What will happen to hurricanes in the next few years?

Hurricanes are tropical cyclones that form in the Atlantic and Pacific Oceans. They are characterized by strong winds, torrential rains and storm surges.

Scientists agree that hurricanes will become more intense and frequent in the coming years due to climate change. Rising global temperatures are causing oceans to warm, providing more energy for tropical storms to develop and strengthen. Additionally, climate change is altering wind and rain patterns, which may make them more unpredictable.

According to predictions from the National Oceanic and Atmospheric Administration (NOAA), the 2023 Atlantic hurricane season will have between 12 and 17 named storms, with the possibility of up to 9 hurricanes. Of these, between 3 and 6 could be category 3 or higher.

For the next few years, NOAA predicts that the Atlantic hurricane season will have between 14 and 21 named storms, with the possibility of up to 10 hurricanes. Of these, between 3 and 6 could be category 3 or higher.

These predictions indicate that hurricanes will be an increasing risk to coastal communities in the coming years. It is important for people who live in these areas to be prepared and know what to do in the event of a disaster.

Impacts of the most intense and frequent hurricanes

  • Damage to infrastructure: They can cause significant damage to infrastructure such as roads, bridges and buildings. This can hinder disaster response and recovery for affected communities.
  • Loss of human life: They can cause drowning deaths, injuries and illnesses.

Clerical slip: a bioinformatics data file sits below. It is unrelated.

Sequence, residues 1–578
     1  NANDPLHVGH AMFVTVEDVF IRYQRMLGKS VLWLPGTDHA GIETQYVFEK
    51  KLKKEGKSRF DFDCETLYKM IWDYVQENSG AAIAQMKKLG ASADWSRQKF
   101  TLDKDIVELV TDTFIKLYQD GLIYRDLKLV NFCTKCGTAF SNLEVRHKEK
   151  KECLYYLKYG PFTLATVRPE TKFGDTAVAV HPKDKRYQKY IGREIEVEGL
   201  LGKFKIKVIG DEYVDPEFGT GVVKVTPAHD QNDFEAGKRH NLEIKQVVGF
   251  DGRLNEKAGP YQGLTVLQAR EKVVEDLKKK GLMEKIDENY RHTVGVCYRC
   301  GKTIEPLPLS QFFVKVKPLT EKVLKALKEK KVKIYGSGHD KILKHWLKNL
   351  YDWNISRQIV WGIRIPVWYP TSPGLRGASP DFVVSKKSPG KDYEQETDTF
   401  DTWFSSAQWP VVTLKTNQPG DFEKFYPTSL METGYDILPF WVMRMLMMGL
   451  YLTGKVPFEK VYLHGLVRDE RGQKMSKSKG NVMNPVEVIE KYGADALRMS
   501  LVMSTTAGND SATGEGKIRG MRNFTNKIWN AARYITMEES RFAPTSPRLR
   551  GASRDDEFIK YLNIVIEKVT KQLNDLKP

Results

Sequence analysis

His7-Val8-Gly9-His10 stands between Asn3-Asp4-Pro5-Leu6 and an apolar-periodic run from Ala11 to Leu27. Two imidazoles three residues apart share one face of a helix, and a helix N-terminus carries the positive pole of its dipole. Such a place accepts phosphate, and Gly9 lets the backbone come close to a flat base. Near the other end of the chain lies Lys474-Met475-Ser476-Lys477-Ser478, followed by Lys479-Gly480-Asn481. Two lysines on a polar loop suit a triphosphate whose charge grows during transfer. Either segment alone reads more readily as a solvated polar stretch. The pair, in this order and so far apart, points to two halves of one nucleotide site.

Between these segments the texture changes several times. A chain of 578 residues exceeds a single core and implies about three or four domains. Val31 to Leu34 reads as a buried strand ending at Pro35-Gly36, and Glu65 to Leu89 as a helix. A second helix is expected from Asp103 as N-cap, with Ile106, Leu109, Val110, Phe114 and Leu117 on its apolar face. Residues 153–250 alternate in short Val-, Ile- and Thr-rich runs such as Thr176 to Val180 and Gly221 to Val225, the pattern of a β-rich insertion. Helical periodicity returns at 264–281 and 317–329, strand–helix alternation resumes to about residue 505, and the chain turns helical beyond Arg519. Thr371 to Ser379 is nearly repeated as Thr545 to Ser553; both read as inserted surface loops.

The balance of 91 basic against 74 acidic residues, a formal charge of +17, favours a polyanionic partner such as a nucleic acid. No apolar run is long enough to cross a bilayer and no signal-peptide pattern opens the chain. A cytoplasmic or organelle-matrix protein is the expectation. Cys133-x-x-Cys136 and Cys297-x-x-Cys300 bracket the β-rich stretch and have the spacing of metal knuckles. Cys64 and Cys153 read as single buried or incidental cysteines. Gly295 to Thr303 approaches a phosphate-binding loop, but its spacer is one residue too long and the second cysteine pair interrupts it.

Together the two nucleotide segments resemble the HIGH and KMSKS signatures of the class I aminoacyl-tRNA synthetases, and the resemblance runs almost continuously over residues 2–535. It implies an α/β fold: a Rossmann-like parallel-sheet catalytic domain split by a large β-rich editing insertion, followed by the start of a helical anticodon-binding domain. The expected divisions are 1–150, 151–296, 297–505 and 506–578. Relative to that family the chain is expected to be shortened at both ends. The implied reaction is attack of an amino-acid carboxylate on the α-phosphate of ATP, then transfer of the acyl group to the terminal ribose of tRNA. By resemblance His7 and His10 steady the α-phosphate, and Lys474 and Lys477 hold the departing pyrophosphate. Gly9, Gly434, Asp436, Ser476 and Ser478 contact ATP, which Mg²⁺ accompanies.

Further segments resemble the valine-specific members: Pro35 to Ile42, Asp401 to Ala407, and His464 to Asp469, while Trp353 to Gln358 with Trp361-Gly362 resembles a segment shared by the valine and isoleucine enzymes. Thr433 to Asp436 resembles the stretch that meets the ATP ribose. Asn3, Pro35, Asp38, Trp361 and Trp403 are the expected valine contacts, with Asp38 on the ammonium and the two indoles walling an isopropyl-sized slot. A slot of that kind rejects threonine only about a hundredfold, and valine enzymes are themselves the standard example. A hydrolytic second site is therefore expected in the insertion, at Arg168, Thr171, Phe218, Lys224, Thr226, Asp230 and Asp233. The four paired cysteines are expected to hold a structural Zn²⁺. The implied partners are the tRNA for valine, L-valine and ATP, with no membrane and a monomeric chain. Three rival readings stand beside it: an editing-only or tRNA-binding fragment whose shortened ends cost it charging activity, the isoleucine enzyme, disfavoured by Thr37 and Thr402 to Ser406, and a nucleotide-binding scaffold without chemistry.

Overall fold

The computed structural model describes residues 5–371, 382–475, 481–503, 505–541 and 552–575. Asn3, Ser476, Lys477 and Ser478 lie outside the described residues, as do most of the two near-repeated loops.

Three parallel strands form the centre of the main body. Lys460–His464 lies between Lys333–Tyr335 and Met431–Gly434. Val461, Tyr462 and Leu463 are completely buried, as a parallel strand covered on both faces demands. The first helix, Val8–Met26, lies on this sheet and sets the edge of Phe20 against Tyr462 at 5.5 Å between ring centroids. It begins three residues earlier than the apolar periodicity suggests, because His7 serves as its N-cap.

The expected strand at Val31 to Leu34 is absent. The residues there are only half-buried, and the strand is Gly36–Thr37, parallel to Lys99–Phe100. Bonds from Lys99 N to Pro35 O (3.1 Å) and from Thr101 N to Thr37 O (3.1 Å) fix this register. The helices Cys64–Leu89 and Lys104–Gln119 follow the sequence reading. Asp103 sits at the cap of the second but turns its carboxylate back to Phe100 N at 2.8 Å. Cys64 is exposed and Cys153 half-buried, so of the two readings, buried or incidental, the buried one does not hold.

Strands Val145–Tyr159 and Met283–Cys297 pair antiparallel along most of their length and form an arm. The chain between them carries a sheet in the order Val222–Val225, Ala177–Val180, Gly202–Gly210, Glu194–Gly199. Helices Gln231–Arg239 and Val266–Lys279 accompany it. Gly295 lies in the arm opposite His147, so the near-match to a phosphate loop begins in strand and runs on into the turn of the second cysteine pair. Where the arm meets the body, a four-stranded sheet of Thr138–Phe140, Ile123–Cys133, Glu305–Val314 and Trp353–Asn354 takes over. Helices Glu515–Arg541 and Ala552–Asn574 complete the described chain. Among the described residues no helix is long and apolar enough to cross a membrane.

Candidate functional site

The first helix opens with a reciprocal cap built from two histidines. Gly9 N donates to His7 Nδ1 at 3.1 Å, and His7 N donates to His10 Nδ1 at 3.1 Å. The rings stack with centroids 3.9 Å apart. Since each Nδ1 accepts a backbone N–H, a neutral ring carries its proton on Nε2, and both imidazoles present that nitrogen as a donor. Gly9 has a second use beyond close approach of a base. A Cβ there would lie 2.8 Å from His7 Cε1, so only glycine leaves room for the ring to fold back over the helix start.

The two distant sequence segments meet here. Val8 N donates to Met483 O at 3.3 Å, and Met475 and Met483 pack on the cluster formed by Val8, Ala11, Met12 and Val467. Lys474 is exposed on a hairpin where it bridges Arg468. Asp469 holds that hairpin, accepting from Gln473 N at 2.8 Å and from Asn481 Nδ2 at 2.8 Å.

• Movement of people: They can force people to leave their homes, which can cause social and economic disruption.
  • Water and air pollution: They can contaminate water and air, which can cause public health problems.
  • Damage to agriculture and fishing: They can damage crops and fisheries, which can lead to food shortages and economic losses.

Measures to reduce risks

There are a number of measures people can take to reduce the risks, including:

  • Develop emergency plans: Emergency plans should include information on how to prepare for a hurricane, how to evacuate in an emergency, and how to recover after a hurricane.
  • Have an emergency kit ready: Emergency kits should include food, water, medications, supplies first aid and other essential supplies.
  • Learn about hurricane risks in your area: People should be informed about hurricane risks in their area, including areas prone to flooding and storm surge.
  • Support organizations working to reduce hurricane risks: Organizations working to reduce hurricane risks can help communities prepare for and recover from hurricanes.


Hurricanes can cause both short- and long-term migration. In the short term, people may be displaced from their homes due to hurricane damage, such as flooding, landslides, or fires. These people may take shelter with family or friends, or they may be evacuated to temporary shelters.

In the long term, they can lead to migration if people decide not to return home after the hurricane has passed. This may be because their homes have been destroyed or damaged beyond repair, or because people do not have the means to rebuild them. In some cases, people may decide to migrate to other countries in search of better economic opportunities or security.

According to the International Organization for Migration (IOM), hurricanes are one of the main causes of migration in the world. In 2022, Eta and Iota caused the displacement of more than 3 million people in Central America.

The IOM estimates that the number of people displaced by hurricanes could increase significantly in the coming years due to climate change. Climate change is causing them to be more intense and frequent, increasing the risk of displacement.